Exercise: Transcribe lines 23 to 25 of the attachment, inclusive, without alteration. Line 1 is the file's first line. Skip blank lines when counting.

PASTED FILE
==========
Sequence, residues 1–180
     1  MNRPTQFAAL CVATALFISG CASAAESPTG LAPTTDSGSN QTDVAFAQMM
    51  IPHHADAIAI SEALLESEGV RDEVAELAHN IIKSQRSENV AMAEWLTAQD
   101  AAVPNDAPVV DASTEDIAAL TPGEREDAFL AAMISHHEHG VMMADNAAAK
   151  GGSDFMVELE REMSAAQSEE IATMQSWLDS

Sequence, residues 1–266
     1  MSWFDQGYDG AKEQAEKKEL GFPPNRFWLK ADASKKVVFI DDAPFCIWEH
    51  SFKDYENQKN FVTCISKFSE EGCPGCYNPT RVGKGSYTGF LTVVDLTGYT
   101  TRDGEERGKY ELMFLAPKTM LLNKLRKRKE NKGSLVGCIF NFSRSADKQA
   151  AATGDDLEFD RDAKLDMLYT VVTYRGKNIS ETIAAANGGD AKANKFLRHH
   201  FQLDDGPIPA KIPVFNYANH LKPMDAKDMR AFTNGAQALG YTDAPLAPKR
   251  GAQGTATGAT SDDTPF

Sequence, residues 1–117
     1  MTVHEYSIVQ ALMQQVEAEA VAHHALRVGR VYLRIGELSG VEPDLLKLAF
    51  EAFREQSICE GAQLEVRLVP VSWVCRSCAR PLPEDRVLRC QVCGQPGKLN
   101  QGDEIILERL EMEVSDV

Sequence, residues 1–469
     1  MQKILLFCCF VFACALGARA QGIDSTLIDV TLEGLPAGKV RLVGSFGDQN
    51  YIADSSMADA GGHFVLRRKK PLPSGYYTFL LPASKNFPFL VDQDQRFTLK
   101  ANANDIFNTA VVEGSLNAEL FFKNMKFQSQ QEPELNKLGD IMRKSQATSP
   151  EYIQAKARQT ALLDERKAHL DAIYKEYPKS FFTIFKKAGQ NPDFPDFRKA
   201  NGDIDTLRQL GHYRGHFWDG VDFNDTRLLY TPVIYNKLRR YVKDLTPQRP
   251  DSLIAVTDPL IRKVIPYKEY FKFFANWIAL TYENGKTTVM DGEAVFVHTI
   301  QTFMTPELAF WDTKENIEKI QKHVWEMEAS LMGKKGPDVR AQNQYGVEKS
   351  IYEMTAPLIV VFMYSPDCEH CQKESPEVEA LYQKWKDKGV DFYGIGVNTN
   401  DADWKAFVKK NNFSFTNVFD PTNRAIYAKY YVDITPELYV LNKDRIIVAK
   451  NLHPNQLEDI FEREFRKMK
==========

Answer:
   251  DSLIAVTDPL IRKVIPYKEY FKFFANWIAL TYENGKTTVM DGEAVFVHTI
   301  QTFMTPELAF WDTKENIEKI QKHVWEMEAS LMGKKGPDVR AQNQYGVEKS
   351  IYEMTAPLIV VFMYSPDCEH CQKESPEVEA LYQKWKDKGV DFYGIGVNTN